Trastuzumab Deruxtecan Shows Promise in HER2 Targeted Therapy


A study with a small sample size revealed that trastuzumab deruxtecan showed promising activity in multiple HER2-expressing or HER2-mutant solid tumors.

The antibody-drug conjugate trastuzumab deruxtecan (T-DXd) showed promising activity in multiple non-breast/non-gastric cancer types with heavily pretreated HER2-expressing or HER2-mutant solid tumors, according to a recent study published in Cancer Discovery.1

More specifically, the T-DXd combination showed even greater antitumor activity in patients with HER2-mutant non-small cell lung cancer (NSCLC).

"HER2-targeted therapies have proven successful for patients with breast and gastric cancers; however, there are no approved HER2-targeted therapies available for patients with other HER2-overexpressing or HER2-mutated malignancies," Bob Li, MD, senior author on the study said in a press release. 2 "Conventional therapies for these other HER2-overexpressing cancers tend to have limited efficacy and considerable side effects. Additional treatment options are urgently needed for these patients."

The phase I study enrolled 60 patients with HER2-expressing non-breast/non-gastric and/or HER2-mutant solid tumors (colorectal cancer, n = 20; NSCLC, n = 18; and other, n = 22). Of the 60 enrollees, 59 patients received ≥1 dose of 6.4 mg/kg of the T-DXd combination. The researchers tested the safety and efficacy of T-DXd in patients with different advanced HER2-tumors.

“In this first-in-human clinical study investigating T-DXd for treatment of patients with advanced solid tumors, the 6.4 mg/kg dose demonstrated encouraging preliminary antitumor activity with an acceptable safety profile in patients with heavily pretreated, HER2-expressing and/or HER2-mutant solid tumors,” wrote the researchers.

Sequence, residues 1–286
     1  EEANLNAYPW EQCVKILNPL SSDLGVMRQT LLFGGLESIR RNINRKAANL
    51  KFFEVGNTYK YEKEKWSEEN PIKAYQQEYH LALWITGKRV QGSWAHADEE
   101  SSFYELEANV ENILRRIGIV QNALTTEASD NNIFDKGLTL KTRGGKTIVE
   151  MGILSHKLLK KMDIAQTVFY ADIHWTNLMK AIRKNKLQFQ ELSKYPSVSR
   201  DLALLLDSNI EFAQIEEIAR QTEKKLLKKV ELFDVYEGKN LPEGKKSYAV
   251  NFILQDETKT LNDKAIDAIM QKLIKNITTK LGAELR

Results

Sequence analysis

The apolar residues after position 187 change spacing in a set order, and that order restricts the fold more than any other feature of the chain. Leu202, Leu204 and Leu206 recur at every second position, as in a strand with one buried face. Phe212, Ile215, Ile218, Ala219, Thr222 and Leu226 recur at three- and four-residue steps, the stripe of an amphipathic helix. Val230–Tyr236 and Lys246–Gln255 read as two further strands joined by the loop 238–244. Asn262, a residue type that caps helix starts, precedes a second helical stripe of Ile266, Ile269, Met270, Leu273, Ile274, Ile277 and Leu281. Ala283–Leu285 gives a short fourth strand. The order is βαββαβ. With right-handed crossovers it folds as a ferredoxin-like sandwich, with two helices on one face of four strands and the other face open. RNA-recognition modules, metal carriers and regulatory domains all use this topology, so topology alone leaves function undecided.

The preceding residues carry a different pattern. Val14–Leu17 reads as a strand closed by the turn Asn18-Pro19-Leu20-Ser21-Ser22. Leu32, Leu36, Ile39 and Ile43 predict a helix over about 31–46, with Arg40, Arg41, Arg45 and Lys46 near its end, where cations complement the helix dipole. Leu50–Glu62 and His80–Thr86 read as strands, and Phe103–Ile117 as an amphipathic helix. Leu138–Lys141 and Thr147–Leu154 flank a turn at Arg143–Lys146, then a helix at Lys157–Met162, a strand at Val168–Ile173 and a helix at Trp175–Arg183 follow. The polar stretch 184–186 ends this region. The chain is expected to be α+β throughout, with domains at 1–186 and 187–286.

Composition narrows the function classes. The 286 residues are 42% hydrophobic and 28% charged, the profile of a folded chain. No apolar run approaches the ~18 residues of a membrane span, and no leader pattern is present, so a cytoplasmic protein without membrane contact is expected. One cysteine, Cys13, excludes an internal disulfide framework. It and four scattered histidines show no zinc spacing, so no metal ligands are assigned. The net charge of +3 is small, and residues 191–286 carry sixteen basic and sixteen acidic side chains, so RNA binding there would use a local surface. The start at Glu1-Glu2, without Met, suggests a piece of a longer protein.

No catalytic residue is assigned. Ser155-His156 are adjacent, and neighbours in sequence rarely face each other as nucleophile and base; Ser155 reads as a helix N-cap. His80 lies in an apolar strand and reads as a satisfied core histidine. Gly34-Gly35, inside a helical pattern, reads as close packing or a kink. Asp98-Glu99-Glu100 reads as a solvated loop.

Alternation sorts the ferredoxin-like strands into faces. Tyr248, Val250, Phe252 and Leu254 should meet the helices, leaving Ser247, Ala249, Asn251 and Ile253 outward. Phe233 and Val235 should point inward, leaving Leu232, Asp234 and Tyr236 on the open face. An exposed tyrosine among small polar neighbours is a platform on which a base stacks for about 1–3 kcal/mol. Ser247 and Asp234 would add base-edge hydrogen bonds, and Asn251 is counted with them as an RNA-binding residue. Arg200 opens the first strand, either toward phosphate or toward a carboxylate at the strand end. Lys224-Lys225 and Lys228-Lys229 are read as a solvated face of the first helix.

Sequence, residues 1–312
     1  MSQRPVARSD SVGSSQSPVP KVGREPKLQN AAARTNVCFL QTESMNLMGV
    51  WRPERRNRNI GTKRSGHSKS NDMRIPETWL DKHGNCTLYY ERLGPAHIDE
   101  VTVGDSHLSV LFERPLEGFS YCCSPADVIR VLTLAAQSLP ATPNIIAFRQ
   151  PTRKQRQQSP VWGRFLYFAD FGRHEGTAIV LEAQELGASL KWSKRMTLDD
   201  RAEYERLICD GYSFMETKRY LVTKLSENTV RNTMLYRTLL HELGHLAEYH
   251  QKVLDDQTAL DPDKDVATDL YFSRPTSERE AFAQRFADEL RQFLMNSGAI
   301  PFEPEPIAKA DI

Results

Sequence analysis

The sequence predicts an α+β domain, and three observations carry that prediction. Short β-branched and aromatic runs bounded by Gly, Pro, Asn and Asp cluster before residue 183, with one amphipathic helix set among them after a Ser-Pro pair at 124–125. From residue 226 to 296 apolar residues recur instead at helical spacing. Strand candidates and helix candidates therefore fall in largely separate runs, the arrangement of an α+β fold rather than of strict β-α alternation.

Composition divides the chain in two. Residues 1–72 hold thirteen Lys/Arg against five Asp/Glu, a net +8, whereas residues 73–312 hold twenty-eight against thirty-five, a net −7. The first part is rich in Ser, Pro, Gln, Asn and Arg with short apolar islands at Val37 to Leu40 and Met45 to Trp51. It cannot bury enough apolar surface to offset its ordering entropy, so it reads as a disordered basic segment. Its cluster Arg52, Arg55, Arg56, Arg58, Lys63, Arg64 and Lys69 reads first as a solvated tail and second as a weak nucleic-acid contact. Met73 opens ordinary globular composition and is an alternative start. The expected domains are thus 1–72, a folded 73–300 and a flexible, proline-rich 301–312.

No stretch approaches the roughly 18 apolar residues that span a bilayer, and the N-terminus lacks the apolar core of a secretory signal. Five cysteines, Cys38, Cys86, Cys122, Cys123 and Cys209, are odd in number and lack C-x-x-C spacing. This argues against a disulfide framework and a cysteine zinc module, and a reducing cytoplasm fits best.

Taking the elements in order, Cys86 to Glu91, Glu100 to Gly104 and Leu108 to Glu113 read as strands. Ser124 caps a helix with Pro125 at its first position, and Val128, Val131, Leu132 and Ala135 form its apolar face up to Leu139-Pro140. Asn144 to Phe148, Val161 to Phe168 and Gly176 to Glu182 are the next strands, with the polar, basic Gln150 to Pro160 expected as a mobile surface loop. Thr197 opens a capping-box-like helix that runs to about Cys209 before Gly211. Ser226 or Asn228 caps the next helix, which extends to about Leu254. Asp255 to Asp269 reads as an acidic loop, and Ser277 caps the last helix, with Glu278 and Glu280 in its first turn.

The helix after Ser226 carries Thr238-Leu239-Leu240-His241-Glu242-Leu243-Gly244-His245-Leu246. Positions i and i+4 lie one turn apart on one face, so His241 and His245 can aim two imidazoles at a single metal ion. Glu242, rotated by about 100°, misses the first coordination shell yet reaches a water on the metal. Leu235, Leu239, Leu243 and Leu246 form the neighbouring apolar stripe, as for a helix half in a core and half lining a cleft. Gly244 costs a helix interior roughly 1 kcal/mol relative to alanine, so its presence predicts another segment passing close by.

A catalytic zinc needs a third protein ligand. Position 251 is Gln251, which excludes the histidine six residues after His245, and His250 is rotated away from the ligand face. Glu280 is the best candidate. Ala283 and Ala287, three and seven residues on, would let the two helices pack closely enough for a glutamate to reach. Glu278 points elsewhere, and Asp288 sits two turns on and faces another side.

Moving forward, the researchers stress that there is a newfound need to develop new treatment options for patients with HER2 tumors outside of HER2-breast and gastric cancer because of the limited efficacy of conventional therapies. More, further studies are requested by the researchers to examine the efficacy of treatment in a HER2-overexpressing population of patients with colorectal cancer is warranted because of the small sample size included in this study.

Limitations of the study were important to note, starting with the fact that the study implemented a nonrandomized, small sample to conduct research. This means the results should be limited to exploratory, with further studies exploring the research deeper. More, the biomarker selection was heterogenous, resulting in a lack of data for the full spectrum of concomitant mutations and their response to T-DXd.

The T-DXd combination incorporates a cytotoxic inhibitor of DNA replication called DXd and combines it with an antibody directed to HER2. This antibody binds to HER2-expressing cancer cells, while DXd is then released into the target cell, where its “inhibitory effect on DNA replication leads to cell death.”

“T-DXd demonstrated promising antitumor activity with an acceptable safety profile in patients with heavily pretreated HER2-expressing or HER2-mutant solid tumors, especially in HER2-mutant NSCLC,” wrote the researchers. “If the results of this trial are replicated in subsequent trials, T-DXd may represent a promising option for patients with a variety of HER2-expressing or HER2-mutant cancers, for which there are no approved HER2-targeted therapies.”


1. Tsurutani J, Iwata H, Krop I, et al. Targeting HER2 with Trastuzumab Deruxtecan: A Dose-Expansion, Phase I Study in Multiple Advanced Solid Tumors. Cancer Discovery. DOI: 10.1158/2159-8290.CD-19-1014.

2. HER2-targeted therapy trastuzumab deruxtecan shows early promise in patients with non-breast and non-gastric cancers [news release]. Published March 25, 2020. Accessed March 25, 2020.

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